Primate Monocytes - CD14, CD16 - Ziegler-Heitbrock


Distinct genome-wide DNA methylation and gene expression signatures in classical monocytes from African American patients with systemic sclerosis.


BACKGROUND: Systemic sclerosis (SSc) is a multisystem autoimmune disorder that has an unclear etiology and disproportionately affects women and African Americans. Despite this, African Americans are dramatically underrepresented in SSc research. Additionally, monocytes show heightened activation in SSc and in African Americans relative to European Americans. In this study, we sought to investigate DNA methylation and gene expression patterns in classical monocytes in a health disparity population. METHODS: Classical monocytes (CD14+ + CD16-) were FACS-isolated from 34 self-reported African American women. Samples from 12 SSc patients and 12 healthy controls were hybridized on MethylationEPIC BeadChip array, while RNA-seq was performed on 16 SSc patients and 18 healthy controls. Analyses were computed to identify differentially methylated CpGs (DMCs), differentially expressed genes (DEGs), and CpGs associated with changes in gene expression (eQTM analysis). RESULTS: We observed modest DNA methylation and gene expression differences between cases and controls. The genes harboring the top DMCs, the top DEGs, as well as the top eQTM loci were enriched for metabolic processes. Genes involved in immune processes and pathways showed a weak upregulation in the transcriptomic analysis. While many genes were newly identified, several other have been previously reported as differentially methylated or expressed in different blood cells from patients with SSc, supporting for their potential dysregulation in SSc. CONCLUSIONS: While contrasting with results found in other blood cell types in largely European-descent groups, the results of this study support that variation in DNA methylation and gene expression exists among different cell types and individuals of different genetic, clinical, social, and environmental backgrounds. This finding supports the importance of including diverse, well-characterized patients to understand the different roles of DNA methylation and gene expression variability in the dysregulation of classical monocytes in diverse populations, which might help explaining the health disparities.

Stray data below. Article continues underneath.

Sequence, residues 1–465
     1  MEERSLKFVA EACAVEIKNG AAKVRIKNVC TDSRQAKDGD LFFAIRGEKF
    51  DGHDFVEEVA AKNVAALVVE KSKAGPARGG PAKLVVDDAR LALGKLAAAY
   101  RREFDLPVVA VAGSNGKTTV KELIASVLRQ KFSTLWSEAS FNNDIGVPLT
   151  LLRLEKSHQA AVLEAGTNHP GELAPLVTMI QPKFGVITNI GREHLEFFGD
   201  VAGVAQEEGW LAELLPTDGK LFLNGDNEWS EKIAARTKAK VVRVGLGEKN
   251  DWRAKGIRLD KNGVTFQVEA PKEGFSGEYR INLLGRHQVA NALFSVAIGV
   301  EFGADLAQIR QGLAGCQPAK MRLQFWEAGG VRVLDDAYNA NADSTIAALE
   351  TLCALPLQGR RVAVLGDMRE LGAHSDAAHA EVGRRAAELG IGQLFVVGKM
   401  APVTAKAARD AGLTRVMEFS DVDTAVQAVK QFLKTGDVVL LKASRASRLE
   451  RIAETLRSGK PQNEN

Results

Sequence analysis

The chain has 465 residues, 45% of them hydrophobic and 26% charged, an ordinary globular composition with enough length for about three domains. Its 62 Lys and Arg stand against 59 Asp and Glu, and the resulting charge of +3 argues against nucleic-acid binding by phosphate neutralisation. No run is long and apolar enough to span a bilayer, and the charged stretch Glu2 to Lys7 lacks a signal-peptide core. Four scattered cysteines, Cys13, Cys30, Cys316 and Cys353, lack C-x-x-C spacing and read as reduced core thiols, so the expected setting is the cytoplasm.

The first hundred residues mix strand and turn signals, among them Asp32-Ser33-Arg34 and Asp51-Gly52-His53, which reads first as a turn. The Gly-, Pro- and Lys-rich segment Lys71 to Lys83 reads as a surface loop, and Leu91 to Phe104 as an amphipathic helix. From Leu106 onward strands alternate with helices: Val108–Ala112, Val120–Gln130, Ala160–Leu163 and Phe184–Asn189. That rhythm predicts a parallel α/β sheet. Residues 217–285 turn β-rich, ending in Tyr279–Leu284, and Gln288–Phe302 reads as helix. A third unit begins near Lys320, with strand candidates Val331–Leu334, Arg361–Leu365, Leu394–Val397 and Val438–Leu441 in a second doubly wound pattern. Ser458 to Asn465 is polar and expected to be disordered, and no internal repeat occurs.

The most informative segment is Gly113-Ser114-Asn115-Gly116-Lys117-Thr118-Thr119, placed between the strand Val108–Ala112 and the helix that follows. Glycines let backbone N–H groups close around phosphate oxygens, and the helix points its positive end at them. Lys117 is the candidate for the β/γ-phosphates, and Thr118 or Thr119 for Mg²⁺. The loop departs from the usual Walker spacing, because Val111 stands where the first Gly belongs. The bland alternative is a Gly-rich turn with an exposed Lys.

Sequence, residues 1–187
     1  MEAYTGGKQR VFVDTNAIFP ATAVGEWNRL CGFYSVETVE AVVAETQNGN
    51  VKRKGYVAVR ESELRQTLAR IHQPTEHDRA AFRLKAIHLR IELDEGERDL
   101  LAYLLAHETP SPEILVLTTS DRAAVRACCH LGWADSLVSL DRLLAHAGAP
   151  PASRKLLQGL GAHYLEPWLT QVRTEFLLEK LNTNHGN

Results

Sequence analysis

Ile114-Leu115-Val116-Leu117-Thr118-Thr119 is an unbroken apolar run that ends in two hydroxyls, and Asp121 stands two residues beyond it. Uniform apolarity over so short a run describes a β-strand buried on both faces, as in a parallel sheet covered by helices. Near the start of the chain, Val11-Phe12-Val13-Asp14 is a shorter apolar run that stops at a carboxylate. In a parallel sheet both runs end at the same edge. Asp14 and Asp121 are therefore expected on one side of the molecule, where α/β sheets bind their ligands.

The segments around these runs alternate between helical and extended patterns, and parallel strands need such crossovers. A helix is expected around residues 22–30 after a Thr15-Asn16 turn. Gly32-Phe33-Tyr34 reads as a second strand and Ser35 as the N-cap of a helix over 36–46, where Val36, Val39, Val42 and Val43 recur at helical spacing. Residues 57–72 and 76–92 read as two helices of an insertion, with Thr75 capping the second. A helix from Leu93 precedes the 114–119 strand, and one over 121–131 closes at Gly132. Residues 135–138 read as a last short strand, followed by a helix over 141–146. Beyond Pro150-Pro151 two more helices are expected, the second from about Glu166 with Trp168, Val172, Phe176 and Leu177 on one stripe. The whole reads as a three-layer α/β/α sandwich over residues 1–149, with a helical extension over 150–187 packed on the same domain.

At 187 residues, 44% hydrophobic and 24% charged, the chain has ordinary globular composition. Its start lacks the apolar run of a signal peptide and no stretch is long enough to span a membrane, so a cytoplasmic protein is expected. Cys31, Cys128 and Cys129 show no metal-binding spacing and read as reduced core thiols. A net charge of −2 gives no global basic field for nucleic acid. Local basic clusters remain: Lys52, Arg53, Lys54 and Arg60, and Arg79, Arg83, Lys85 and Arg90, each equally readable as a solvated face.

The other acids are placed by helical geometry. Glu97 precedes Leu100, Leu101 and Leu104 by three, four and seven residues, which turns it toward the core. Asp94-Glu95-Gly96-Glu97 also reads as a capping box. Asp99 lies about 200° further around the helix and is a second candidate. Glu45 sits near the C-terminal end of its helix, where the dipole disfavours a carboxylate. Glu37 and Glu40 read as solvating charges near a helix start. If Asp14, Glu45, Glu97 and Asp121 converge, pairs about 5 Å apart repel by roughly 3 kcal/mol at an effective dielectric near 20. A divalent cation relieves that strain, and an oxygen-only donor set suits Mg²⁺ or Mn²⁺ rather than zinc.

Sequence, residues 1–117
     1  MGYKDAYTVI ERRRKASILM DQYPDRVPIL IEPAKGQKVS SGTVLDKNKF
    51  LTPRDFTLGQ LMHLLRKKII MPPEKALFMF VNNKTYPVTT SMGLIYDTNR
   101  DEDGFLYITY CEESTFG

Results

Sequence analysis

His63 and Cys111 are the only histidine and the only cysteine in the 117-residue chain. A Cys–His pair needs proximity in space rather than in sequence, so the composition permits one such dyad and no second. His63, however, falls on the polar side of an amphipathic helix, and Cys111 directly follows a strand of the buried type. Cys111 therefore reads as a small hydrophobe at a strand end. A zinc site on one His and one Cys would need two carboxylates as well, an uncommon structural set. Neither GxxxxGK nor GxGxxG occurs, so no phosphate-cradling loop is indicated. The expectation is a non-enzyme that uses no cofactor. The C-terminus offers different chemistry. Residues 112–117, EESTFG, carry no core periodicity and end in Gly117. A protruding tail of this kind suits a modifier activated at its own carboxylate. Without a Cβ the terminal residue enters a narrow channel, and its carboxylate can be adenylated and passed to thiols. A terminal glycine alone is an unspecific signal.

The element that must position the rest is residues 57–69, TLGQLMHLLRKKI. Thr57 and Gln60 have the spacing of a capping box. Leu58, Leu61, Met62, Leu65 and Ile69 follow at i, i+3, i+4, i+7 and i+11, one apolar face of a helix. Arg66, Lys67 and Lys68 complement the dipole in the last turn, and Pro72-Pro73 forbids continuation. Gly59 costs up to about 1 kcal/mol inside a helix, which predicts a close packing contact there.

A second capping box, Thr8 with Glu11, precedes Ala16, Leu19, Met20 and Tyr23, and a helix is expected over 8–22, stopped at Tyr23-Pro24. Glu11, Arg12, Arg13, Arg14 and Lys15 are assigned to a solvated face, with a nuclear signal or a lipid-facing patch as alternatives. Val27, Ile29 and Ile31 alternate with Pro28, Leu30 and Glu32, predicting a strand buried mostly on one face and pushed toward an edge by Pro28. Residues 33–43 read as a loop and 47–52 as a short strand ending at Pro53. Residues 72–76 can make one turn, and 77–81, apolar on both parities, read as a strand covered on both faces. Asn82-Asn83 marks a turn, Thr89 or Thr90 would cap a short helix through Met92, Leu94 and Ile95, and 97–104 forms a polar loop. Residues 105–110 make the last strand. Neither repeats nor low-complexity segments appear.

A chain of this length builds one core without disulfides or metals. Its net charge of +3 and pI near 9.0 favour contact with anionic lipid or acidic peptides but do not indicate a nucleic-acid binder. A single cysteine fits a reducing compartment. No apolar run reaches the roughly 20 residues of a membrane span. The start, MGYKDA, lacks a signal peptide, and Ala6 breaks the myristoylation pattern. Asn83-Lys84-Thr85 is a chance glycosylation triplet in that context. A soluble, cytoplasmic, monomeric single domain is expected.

Authors: Allen PC, Smith S, Wilson RC, Wirth JR, Wilson NH, Baker Frost D, Flume J, Gilkeson GS, Cunningham MA, Langefeld CD, Absher DM, Ramos PS,
Journal: Clin Epigenetics;2023Feb17; 15 (1) 25. doi:10.1186/s13148-023-01445-5
Year: 2023
PubMed: PMID: 36803404 (Go to PubMed)